From education to employment

Keeping hold of valued colleagues when so many are questioning their current positions

Diane Herft MCIPD - Chief People Officer, Remit Training

As a national training provider which runs mental health training courses for employers alongside our core offer of training young apprentices, you might think that we would have ready-made answers to pandemic-related phenomena such as ‘the Great Resignation’, burnout and workforce stabilisation.

The truth is that we are constantly battling against the post-Covid retention challenges as much as any other business.  Therefore it was a surprise to see recent research suggesting that employer concern about staff wellbeing was actually decreasing, with organisations apparently oblivious to the consequences of burying their heads in the sand on the matter. 

Even with the lockdowns over, employers should recognise that things are very unlikely to ever return to ‘normal’.  In fact, a Randstad survey last December estimated almost a quarter (24%) of employees in the UK said they planned to move jobs within three to six months.  This equates to six million workers confident in the knowledge that they are stepping back into a market with over 1,300,000 vacancies.

‘Grass is greener’ should not be defined by pay alone

Seeking better pay is an undoubted factor behind CVs being dug out and my employer is not shielded from this especially when households are facing larger bills with rising inflation.  Salaries for apprentice automotive technician tutors in our sector for example are significantly higher than they were before the pandemic.  But at the same time, we hear stories of former colleagues defining ‘grass is greener’ simply by increased pay and then regretting their actions.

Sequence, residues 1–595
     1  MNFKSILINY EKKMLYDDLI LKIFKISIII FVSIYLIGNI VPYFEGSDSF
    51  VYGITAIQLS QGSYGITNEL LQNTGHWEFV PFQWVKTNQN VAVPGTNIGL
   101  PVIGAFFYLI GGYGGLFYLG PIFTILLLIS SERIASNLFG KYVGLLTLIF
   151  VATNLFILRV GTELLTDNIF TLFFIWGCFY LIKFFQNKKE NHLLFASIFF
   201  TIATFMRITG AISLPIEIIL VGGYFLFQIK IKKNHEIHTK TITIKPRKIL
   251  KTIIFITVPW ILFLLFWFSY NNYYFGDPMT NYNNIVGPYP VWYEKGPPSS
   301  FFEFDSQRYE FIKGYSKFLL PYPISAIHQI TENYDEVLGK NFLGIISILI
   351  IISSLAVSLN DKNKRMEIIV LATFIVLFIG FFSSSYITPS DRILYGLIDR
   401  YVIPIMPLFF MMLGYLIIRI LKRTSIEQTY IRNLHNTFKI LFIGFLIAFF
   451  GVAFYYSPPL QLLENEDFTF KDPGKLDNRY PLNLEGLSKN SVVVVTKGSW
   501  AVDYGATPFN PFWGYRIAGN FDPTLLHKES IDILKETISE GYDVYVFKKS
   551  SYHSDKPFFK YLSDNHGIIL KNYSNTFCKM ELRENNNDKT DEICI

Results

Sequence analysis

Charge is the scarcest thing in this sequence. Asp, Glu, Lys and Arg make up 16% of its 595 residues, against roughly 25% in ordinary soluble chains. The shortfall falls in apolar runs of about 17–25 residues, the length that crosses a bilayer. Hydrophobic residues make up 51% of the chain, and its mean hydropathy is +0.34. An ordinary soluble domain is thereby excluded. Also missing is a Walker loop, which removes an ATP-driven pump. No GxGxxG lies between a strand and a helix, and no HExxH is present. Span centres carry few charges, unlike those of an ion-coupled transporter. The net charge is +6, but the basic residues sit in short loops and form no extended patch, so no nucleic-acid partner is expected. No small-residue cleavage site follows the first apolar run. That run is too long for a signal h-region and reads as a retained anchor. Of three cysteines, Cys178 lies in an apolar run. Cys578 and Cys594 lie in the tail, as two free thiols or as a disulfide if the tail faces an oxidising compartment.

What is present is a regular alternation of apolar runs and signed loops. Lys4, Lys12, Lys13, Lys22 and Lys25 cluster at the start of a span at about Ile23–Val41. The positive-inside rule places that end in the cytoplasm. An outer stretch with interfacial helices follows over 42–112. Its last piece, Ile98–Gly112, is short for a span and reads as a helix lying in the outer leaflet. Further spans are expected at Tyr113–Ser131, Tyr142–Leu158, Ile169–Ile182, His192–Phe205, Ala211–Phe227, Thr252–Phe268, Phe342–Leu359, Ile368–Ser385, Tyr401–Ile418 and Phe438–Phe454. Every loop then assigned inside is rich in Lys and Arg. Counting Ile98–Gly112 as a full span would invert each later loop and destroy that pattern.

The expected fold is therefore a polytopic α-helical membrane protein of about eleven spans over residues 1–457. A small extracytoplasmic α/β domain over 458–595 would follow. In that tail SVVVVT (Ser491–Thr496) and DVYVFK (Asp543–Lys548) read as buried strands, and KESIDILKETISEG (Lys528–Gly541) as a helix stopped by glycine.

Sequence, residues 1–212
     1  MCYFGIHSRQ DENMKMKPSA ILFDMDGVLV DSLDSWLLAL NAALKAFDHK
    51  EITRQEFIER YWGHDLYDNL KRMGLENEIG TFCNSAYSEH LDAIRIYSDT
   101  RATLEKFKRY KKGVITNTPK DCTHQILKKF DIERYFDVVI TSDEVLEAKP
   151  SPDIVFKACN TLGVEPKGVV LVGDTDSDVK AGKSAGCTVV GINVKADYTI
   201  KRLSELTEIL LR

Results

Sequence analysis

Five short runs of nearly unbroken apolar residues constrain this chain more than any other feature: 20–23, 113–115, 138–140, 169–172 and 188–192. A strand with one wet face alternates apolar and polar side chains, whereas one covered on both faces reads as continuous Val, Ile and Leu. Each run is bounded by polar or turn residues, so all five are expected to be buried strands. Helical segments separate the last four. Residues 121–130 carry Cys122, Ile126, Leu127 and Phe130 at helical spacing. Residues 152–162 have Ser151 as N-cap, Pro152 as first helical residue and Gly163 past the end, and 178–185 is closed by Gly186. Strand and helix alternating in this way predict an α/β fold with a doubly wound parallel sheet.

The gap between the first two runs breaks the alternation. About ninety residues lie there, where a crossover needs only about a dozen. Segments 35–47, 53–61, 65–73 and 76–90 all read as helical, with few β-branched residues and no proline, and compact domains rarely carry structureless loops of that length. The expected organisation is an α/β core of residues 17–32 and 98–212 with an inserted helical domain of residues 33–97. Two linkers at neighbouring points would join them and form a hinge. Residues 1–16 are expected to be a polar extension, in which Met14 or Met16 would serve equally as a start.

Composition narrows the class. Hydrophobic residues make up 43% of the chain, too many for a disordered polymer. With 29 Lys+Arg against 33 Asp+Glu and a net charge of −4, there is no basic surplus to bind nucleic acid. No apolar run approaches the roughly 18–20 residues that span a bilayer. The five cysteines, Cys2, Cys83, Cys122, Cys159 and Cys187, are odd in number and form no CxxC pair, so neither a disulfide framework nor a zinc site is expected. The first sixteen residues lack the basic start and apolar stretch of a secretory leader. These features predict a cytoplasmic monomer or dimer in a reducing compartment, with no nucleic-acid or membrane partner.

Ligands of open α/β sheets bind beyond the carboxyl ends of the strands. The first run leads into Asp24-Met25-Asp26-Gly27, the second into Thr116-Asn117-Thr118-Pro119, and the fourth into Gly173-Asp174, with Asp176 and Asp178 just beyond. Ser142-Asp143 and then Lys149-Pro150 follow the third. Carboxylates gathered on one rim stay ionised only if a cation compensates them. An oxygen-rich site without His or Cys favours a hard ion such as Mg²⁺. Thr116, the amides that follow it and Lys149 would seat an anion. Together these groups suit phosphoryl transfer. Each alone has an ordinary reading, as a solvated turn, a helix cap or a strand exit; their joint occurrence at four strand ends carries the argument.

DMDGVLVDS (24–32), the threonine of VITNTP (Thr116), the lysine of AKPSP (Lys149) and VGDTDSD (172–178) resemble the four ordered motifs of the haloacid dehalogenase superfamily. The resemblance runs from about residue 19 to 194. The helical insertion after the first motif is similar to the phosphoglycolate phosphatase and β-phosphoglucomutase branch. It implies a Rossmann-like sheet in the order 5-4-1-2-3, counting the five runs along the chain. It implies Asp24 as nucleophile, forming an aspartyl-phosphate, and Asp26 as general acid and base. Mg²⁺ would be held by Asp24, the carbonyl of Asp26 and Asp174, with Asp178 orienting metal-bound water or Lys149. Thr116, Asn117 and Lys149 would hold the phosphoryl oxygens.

In the quest for workforce stabilisation, our starting point is ensuring that colleagues feel valued over the long term and this means checking regularly that individuals’ personal wellbeing is good.  In fact we are so passionate about supporting colleagues’ mental health, we make our mental health first aid (MHFA) training freely available to all our colleagues and offer MHFA training needs analysis and subsequent training to other employers in addition to health and wellbeing courses.

It may sound trite but the absence of fun in a workplace can impact on colleague turnover and therefore organisations should regularly review if they are providing a happy place to work and a sense of belonging.

Covid and home working have been significant issues in determining the level of connectivity between colleagues and it is understandable that many employers do not want to lose the benefits of face-to-face interaction, such as joint creativity and brainstorming in the same room.

Young people want something different

In deciding upon a response to changing views on work-life balance and working from home, we must remember that a ‘one size fits all’ approach probably isn’t going to work and this is increasingly evident in the questions that candidates ask at job interviews.  We are not just talking about different attitudes according to age, although there is no escaping the fact that Millennials and Generation Z have increasingly firm views for example about flexible working, ‘hustle culture’, working in a safe space and receiving meaningful and ongoing training. 

According to surveys, a third of people who have changed jobs during the pandemic felt that their work didn’t fit in with their personal lives and half of these respondents were young people – quite a contrast to those of us who grew up believing that our life outside work had to fit around the latter’s demands.

Policies which properly address inclusion and diversity are vital to workforce stabilisation.  The CIPD has also pointed out that women over the age of 50 are the fastest growing segment of the workforce and most will go through the menopause transition during their working lives.  It is right to say that menopause should not be a taboo subject at work and companies like ours now have an appropriate policy and support in place.

It is a long checklist but if we are serious about looking after our own people, then we first need to understand what employees want and this must be done on an individualised basis.      

By Diane Herft MCIPD – Chief People Officer, Remit Training

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